Rank and density correlates of inclusive fitness measures in a natural chacma baboon (Papio ursinus) troop
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Some demographic characteristics of a group of chacma baboons (Papio ursinus)in a natural environment in northern Botswana were monitored for an 8-year interval. The group size ranged from 73 to 43 individuals. After 3 years at a high density, the group size declined over a 2-year interval, then stabilized again at reduced numbers (−41 %) and biomass (−40%) for over 2 years. The reduction in group size and biomass was followed by an increase in fecundity, greater for high-ranking than for low-ranking females. At the larger group size, survival was lower for infants born to low-ranking than to high-ranking females. Infant survival rates by female rank were equal at the lower density. The mean weight of adult females increased as the density decreased, but there was no correlation between female rank and body mass. We conclude that there is a negative relationship of density to individual condition and reproductive success and that there are fitness advantages to high female rank.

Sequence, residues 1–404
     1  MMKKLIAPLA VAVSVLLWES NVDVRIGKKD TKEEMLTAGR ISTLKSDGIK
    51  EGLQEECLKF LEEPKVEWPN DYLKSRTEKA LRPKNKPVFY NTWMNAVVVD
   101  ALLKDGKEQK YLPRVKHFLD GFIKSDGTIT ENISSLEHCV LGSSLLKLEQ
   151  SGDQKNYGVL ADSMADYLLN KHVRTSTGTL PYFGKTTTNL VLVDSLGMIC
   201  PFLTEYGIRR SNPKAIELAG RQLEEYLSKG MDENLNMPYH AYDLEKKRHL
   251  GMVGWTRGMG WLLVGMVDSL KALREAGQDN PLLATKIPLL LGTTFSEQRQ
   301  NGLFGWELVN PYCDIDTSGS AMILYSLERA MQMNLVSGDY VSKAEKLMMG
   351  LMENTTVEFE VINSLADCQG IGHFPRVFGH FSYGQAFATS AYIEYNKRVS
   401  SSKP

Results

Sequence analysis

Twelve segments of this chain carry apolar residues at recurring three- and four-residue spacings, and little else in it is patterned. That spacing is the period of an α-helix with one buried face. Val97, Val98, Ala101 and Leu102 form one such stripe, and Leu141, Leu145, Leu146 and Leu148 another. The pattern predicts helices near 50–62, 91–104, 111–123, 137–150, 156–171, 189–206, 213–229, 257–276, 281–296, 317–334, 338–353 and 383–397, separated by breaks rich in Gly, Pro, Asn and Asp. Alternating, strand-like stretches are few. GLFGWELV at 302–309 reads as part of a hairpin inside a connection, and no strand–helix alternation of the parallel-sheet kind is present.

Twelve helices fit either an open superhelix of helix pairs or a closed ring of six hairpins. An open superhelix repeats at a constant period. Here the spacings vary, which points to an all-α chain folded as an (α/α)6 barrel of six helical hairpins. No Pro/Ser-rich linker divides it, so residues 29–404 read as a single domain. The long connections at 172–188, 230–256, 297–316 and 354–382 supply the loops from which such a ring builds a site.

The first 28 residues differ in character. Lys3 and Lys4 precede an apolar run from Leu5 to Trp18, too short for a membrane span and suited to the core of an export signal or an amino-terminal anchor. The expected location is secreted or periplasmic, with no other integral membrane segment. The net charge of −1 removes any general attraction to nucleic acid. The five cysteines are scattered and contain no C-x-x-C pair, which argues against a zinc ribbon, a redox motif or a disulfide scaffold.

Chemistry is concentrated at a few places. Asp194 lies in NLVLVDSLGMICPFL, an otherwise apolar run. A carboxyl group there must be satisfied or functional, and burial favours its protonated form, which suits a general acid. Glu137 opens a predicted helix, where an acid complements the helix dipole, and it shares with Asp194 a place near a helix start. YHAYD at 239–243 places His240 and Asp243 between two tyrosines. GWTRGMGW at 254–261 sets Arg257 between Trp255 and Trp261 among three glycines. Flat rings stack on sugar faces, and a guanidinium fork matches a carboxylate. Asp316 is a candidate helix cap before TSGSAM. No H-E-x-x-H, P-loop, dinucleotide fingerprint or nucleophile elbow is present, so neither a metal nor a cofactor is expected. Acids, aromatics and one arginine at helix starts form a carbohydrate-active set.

Key wordsbaboon field study fecundity group size infant survival
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